You said that this was “the most important work of your career” and why you’re hopeful for the future. Why did it give you hope?
Caribou conservation has been a sombre story in the last 20 years, with approximately 10 herds lost across British Columbia and Alberta, or about 30% of the southern mountain caribou herds. So to get this result of tripling this herd from 38 to 115 caribou so far has been amazing.
The project is a great example of weaving together Indigenous and western science. It touches on so many important conversations happening about equity, reconciliation, treaty rights, co-management, the conjunction of Indigenous and Western science, and the importance of Indigenous-led conservation.
Why was it so important to work with Indigenous Nations on this research?
Indigenous Knowledge held by Elders and knowledge holders about caribou—known as wadziih or wah tzee in Dunne-za and atihk in Cree—was key. We were guided by this knowledge; caribou were once so abundant on the landscape they were “like bugs” said one Elder, who is quoted in our paper.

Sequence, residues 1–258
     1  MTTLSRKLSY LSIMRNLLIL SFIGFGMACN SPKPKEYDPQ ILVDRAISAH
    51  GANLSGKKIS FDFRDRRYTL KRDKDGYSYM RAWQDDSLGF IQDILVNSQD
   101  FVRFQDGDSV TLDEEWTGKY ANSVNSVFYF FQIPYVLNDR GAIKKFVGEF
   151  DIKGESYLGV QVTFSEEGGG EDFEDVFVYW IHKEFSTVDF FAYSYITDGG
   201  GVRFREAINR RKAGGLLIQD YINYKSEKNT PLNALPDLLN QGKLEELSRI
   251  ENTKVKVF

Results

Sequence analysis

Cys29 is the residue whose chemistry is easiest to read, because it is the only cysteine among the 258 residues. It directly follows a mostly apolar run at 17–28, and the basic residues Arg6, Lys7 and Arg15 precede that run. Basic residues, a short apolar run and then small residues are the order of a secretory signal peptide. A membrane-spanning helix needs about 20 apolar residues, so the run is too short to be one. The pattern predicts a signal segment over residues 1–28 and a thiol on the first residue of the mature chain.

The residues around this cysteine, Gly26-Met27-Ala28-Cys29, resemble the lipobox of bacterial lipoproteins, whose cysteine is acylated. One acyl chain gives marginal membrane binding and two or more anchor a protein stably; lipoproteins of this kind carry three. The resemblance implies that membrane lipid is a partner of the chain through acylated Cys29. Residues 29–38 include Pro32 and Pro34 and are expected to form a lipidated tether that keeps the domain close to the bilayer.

The Nations involved refused to accept the fate of the disappearance of the caribou they relied on and embarked on this ambitious recovery effort. They did the impossible, the project would not have happened without their leadership, as described in our co-authored paper which has just been published: “Indigenous-led conservation: Pathways to recovery for the nearly extirpated Klinse- Za mountain caribou”.1
The Nations see recovery as one step towards reconciliation and restoration of their treaty rights which guaranteed the Nations' ability to “pursue their usual vocations of hunting”.
I was also fortunate to work with Y2Y in my Liber Ero Fellowship on this project, a group with a large landscape vision that supported me in learning how to work with Indigenous Nations in a good way.